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retirebyforty February 21, 2014 at 9:18 am

That’s interesting. Maybe just sell it and the money. :)

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UrbanSaltlLake February 21, 2014 at 8:25 am

I’d still do rental properties over working a full time job (which I do both at the moment) any day. It can be stressful at times when you get a call or text, but they are far far in between. I do spend a day or two in between tenants to clean the place, but that’s easy and the cash flow has been really nice.

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retirebyforty February 21, 2014 at 9:18 am

I like being a landlord much more than working for someone else too. :)

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David Stott February 21, 2014 at 8:33 am

Joe, what online service do you use to screen your prospective tenants?

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retirebyforty February 21, 2014 at 9:19 am

I use e-renter.com. The new tenant has good job and just graduated a year ago so not much record.

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Wilson February 21, 2014 at 8:36 am

I also had to do a turn at the end of last Nov that went fairly similar. I knew it was coming so I had time to get it rented out and arrange a painter to help me, but I only had 3 1/2 days to get it done. I like to do a deep clean and repaint different rooms every few years to keep the place looking fresh and maximize the rental amount. Fortunately the leaving tenants hired a maid to clean, although the place is so large that she couldn’t get all the pet hair so I had to come behind and charge a little extra. My area keeps improving so I was able to raise the rent 12% and probably could have gotten more but the new tenants came recommended so I never had to place an ad, run a credit check, etc.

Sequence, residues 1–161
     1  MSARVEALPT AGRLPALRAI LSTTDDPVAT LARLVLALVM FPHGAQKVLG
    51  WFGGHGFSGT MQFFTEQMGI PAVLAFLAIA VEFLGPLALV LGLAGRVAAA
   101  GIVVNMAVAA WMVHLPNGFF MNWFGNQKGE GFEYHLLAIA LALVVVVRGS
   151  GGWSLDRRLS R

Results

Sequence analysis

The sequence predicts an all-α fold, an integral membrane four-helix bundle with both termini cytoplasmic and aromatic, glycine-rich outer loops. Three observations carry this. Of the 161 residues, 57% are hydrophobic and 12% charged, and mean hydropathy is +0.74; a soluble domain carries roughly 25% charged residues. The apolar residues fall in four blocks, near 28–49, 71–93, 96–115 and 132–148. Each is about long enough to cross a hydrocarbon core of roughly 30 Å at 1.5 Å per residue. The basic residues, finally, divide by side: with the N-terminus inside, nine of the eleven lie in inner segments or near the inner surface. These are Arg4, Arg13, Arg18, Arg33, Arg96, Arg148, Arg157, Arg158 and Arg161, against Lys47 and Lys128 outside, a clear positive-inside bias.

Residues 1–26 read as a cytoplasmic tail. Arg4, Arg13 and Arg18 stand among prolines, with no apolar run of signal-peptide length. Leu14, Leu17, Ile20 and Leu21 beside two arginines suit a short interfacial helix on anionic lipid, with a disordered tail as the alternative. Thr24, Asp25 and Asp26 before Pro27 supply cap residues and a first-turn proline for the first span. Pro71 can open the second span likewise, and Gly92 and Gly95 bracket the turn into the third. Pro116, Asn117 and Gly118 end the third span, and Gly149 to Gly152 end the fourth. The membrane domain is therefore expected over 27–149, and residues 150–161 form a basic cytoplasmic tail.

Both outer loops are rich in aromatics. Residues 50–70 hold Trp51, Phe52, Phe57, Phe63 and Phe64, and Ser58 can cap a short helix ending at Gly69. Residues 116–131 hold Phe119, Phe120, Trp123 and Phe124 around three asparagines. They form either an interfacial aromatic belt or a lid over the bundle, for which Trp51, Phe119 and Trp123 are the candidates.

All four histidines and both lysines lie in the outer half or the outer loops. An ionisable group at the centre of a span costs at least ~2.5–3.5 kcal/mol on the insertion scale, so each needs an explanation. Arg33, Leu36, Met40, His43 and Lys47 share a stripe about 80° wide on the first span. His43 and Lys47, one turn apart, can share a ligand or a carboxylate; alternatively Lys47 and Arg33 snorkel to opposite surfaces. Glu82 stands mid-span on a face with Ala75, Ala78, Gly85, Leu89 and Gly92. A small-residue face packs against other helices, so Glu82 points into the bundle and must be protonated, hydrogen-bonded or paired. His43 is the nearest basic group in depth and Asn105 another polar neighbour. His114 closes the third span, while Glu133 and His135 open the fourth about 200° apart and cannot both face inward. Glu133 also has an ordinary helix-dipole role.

I have to remind myself every time I have a new tenant that they’re assuredly at a lower level of home maintenance knowledge and walk them through the most basic things. For as great as the last tenants were, they never realized there was a HVAC filter upstairs they had to wash monthly (how I don’t know when they did the one downstairs), which lead to the condensor blowing out during 90+ degree weather when his parents were staying there last year, then to me calling a back-up AC repairman when the trusty one’s phones were down and I couldn’t get in touch, and he was hopped up on meth and did a crappy job and dropped a vial of crystal (knowledge gleaned from Google images, not first-hand ) in the backyard we later found playing with junior, and had to be redone the following week by my usual guy, and I had no recourse against Mr. Meth b/c guess what? He already had been arrested in that subsequent week and sent to a far-away parish on a parole violation!